Perpendicular and parallel magnetic field dependence. a Temperature dependence of longitudinal resistance of trilayer (3L) TaS2 in the presence of an applied magnetic field H in the out-of-plane direction. b Magnetic field dependence of the TaS2 resistance for a field H|| applied in an in-plane direction, for a few constant temperatures as indicated. The field value \(H_{{\mathrm{c2}}}^{||}\) at which the resistance transitions to a zero-resistance state at a fixed temperature is equivalent to the transition temperature Tc of the superconducting state for a fixed field. c Temperature dependence of the bilayer (2L) NbSe2 sample for a few perpendicular fields. d In-plane field dependence of the same NbSe2 sample for a range of constant temperatures. e Temperature dependence of the upper critical field Hc2 of both samples as extracted from the 50% normal state resistances from the data shown in ad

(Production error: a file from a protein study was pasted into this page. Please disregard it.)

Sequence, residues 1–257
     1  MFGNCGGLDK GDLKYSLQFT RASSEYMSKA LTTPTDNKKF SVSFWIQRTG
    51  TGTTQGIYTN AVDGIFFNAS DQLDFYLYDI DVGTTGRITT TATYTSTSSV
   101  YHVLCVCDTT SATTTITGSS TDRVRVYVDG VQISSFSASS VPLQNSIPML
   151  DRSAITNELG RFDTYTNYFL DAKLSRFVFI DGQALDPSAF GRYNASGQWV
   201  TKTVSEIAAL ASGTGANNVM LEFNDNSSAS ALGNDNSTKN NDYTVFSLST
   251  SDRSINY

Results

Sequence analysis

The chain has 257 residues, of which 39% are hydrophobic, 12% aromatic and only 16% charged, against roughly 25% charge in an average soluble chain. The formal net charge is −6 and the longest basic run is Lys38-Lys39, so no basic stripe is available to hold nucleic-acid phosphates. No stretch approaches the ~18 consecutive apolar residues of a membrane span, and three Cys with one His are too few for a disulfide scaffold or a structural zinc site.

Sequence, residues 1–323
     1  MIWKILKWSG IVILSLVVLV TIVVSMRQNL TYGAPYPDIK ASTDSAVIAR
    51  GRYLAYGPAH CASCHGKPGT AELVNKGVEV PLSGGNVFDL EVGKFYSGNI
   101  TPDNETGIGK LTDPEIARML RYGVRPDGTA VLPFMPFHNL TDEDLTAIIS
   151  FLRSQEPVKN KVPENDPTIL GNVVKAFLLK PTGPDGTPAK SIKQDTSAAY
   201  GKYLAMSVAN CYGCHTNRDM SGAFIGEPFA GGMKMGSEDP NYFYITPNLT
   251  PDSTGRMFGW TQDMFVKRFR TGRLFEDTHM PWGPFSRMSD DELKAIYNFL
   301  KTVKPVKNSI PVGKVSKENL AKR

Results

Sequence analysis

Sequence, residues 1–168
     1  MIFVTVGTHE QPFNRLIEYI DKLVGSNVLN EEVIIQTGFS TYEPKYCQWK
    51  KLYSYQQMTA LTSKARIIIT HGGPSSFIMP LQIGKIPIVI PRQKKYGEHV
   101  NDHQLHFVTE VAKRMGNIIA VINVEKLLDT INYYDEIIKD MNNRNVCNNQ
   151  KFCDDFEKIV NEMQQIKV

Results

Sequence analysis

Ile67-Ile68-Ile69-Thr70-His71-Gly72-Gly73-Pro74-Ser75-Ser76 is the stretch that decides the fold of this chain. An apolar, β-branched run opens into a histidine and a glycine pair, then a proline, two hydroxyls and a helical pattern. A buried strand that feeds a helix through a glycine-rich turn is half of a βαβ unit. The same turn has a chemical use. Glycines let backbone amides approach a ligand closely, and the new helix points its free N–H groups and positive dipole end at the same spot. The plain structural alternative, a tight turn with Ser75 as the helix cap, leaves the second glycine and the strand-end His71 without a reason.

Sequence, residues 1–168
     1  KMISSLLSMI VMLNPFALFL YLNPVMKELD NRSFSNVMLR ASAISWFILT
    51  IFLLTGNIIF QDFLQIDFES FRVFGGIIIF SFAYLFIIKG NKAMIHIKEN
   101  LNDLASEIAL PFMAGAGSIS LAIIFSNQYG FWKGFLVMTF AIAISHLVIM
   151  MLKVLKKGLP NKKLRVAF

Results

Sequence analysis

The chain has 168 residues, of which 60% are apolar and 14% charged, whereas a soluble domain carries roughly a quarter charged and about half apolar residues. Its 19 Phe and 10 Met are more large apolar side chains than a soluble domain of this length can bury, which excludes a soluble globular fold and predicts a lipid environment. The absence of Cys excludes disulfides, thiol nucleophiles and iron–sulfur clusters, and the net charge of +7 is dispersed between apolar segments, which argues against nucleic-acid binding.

In Fig. 3b, d, we show the dependence of the resistance of the same TaS2 and NbSe2 devices as the parallel magnetic field (in the plane of the 2D crystals) is varied at fixed temperatures. For some devices we also perform the measurement of \(H_{{\mathrm{c2}}}^{||}\) by fixing the parallel field and sweeping the temperature (Methods). At the lowest temperatures, superconductivity in the atomically thin crystals survives up to very large parallel magnetic fields: 25 T for 3L TaS2 and 28 T for 2L NbSe2, corresponding to an anisotropic enhancement \(H_{{\mathrm{c2}}}^{||}{\mathrm{/}}H_{{\mathrm{c2}}}^ \bot\) of 32× and 8× the upper critical fields in the perpendicular orientation, respectively. The anisotropy is even larger for monolayer TMDs, as will be discussed next.